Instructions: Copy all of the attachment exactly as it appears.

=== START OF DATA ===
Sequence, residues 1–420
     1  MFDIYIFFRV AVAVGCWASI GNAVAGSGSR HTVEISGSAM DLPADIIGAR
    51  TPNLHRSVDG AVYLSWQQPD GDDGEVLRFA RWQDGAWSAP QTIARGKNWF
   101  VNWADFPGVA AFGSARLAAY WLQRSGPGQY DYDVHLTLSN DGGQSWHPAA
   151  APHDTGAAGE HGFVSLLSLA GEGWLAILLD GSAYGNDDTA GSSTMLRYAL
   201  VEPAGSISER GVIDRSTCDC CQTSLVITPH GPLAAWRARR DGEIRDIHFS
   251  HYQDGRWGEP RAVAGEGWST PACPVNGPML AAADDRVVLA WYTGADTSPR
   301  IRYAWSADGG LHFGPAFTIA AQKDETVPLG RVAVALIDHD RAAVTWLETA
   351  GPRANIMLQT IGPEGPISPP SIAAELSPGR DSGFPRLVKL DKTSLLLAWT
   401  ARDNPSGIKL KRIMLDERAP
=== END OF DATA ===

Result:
Sequence, residues 1–420
     1  MFDIYIFFRV AVAVGCWASI GNAVAGSGSR HTVEISGSAM DLPADIIGAR
    51  TPNLHRSVDG AVYLSWQQPD GDDGEVLRFA RWQDGAWSAP QTIARGKNWF
   101  VNWADFPGVA AFGSARLAAY WLQRSGPGQY DYDVHLTLSN DGGQSWHPAA
   151  APHDTGAAGE HGFVSLLSLA GEGWLAILLD GSAYGNDDTA GSSTMLRYAL
   201  VEPAGSISER GVIDRSTCDC CQTSLVITPH GPLAAWRARR DGEIRDIHFS
   251  HYQDGRWGEP RAVAGEGWST PACPVNGPML AAADDRVVLA WYTGADTSPR
   301  IRYAWSADGG LHFGPAFTIA AQKDETVPLG RVAVALIDHD RAAVTWLETA
   351  GPRANIMLQT IGPEGPISPP SIAAELSPGR DSGFPRLVKL DKTSLLLAWT
   401  ARDNPSGIKL KRIMLDERAP